There were 138 to be exact, a franchise record and the second most in the NFL last season.
So with the penalty problem being a point of emphasis, what did the Seahawks do in the season opener at Arizona? They committed 13 more infractions, tied for the most in Week 1.
"There were a lot of calls in that game, a bunch of penalties are called, but we do not want to play like that," Carroll said Wednesday. "So we're working, we've worked like crazy to get this done. We did it all through the preseason, in an improving fashion, not to where we wanted but we improved, but to go out in the first game and go into double digits is wrong. That's not us, not the way we want to be, not what we're intending."
Some of the penalties Seattle committed in the 20-16 loss to Arizona were in the simple, mental category. There was Chris Clemons jumping offside on third down, left tackle Russell Okung moving out of his stance too early and getting called for a false start three times and rookie QB Russell Wilson failing to get outside the pocket and being flagged for intentional grounding.
Those are simple calls for any official to make. But Seattle was twice flagged for defensive pass interference, had a number of holding calls and saw an interception called back when Marcus Trufant was flagged for being offside — and the extra play helped Arizona convert a field goal in the third quarter.
They were mistakes the Seahawks could not afford to make in what was already going to be a tight game.
"I take it upon myself for emphasis, take it upon myself to make sure we're pointing out the right things for the guys to avoid them," Carroll said. "There's a number of calls that could have changed that and to wind up with a bunch is way wrong for us. We need to fix it right away."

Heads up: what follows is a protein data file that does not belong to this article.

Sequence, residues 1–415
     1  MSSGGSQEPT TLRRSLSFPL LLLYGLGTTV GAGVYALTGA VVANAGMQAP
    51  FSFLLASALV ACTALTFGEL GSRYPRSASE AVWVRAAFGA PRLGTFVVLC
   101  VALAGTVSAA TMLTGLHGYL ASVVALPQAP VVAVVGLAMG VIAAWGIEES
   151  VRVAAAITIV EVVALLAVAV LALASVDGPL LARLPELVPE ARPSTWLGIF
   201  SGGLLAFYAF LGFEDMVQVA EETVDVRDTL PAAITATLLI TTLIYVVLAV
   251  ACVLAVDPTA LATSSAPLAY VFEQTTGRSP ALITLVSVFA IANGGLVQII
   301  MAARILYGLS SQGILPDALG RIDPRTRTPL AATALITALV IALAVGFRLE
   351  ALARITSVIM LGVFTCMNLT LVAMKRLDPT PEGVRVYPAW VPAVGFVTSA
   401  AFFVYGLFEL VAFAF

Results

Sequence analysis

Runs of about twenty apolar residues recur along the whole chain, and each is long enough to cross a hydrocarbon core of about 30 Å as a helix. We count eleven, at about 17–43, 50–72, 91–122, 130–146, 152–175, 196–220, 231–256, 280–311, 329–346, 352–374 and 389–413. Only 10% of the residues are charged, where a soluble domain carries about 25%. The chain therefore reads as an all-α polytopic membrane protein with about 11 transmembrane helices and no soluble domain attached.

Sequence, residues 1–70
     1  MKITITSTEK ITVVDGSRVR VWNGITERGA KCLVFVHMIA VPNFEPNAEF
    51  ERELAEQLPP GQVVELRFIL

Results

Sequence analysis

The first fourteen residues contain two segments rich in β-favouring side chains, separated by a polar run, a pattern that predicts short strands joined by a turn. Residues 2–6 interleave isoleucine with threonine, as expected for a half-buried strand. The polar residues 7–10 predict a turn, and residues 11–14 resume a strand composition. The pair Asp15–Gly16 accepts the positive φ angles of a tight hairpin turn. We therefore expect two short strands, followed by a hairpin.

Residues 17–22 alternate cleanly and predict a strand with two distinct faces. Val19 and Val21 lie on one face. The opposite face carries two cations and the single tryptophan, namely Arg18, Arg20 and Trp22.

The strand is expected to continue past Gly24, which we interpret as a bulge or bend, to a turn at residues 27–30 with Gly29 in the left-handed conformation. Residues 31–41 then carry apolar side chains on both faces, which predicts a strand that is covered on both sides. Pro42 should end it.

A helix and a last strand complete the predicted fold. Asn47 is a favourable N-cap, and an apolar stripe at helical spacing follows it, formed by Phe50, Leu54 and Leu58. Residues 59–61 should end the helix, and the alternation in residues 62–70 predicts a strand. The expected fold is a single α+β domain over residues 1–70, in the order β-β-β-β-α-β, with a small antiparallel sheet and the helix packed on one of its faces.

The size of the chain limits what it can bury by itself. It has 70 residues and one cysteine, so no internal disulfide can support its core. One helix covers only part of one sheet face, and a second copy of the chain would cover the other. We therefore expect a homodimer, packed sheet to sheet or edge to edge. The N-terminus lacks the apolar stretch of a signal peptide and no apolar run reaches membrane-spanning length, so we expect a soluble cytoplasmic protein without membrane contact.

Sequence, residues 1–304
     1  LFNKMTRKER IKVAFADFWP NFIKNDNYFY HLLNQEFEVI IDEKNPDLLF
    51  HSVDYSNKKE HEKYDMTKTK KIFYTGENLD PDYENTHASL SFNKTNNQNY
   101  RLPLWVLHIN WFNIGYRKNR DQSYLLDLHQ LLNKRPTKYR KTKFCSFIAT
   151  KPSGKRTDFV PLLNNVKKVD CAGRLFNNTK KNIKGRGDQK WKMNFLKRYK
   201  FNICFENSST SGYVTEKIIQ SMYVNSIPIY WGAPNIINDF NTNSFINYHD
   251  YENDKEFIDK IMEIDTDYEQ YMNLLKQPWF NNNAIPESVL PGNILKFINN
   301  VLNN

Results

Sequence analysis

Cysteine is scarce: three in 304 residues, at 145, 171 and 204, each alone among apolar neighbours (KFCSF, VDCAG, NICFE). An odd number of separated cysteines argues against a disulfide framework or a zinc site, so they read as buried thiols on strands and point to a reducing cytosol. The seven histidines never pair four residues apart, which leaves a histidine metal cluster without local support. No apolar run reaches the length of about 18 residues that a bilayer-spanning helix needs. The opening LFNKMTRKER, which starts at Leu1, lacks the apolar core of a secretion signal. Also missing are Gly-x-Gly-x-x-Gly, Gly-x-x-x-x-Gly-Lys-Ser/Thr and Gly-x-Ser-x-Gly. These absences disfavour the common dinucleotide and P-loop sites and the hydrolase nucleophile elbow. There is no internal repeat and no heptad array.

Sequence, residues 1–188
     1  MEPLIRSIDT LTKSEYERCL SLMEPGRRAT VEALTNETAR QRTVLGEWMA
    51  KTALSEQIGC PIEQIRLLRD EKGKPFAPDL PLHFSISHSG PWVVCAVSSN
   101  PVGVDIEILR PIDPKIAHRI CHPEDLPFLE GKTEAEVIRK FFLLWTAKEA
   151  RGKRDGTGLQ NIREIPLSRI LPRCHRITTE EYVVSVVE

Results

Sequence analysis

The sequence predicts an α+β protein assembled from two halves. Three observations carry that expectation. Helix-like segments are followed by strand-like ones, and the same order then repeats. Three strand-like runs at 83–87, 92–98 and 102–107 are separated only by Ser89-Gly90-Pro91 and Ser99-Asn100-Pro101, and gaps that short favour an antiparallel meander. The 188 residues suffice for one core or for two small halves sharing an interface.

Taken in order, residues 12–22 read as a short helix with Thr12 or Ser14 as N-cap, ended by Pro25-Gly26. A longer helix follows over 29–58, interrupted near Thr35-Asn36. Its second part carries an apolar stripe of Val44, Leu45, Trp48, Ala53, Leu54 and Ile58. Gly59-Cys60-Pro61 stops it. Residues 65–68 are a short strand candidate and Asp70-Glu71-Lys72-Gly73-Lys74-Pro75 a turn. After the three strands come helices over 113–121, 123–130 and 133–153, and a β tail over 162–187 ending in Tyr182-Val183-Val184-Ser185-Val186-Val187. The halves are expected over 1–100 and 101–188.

One area where Seattle is spending preparation time is learning the new replacement officials. While it's not the same as a baseball umpire who is known for having a specific strike zone, there are tendencies that can be garnered from scouting officials.
So with a new set of officials now making the calls, Seattle has gone to the extent of producing scouting reports for the players about what kinds of calls they might see from officials calling their games for the first time.
"We're not breaking them down or anything, but it's just these guys have called these plays, this is the number of penalties they have called and this guy or this crew calls this penalty more than that penalty," Seattle center Max Unger said.
The decision to add that level of scouting to the Seahawks' pregame planning has a twofold effect. Not only do they get a little bit of background on officials they are unfamiliar with, but it also stresses the importance of Seattle's penalty situation.
"It's just come to light for all of the reasons of emphasizing the penalty situation that we need to know more and need to be more aware of what's going on around us, who is calling the penalties, who is watching who and all of that," Carroll said. "That is part of it. It just seems like it gives me more opportunity to be focusing on the issue at hand and it's just kind of coincidental that it's because of the change in the officials."
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